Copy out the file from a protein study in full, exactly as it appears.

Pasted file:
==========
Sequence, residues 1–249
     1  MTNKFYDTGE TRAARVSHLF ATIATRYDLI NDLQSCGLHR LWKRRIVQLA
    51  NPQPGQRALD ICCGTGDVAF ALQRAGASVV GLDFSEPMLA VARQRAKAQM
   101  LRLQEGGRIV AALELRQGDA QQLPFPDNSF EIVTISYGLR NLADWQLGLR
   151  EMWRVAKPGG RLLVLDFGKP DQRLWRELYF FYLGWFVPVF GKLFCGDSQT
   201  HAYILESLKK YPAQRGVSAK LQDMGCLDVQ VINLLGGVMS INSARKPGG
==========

Sequence, residues 1–249
     1  MTNKFYDTGE TRAARVSHLF ATIATRYDLI NDLQSCGLHR LWKRRIVQLA
    51  NPQPGQRALD ICCGTGDVAF ALQRAGASVV GLDFSEPMLA VARQRAKAQM
   101  LRLQEGGRIV AALELRQGDA QQLPFPDNSF EIVTISYGLR NLADWQLGLR
   151  EMWRVAKPGG RLLVLDFGKP DQRLWRELYF FYLGWFVPVF GKLFCGDSQT
   201  HAYILESLKK YPAQRGVSAK LQDMGCLDVQ VINLLGGVMS INSARKPGG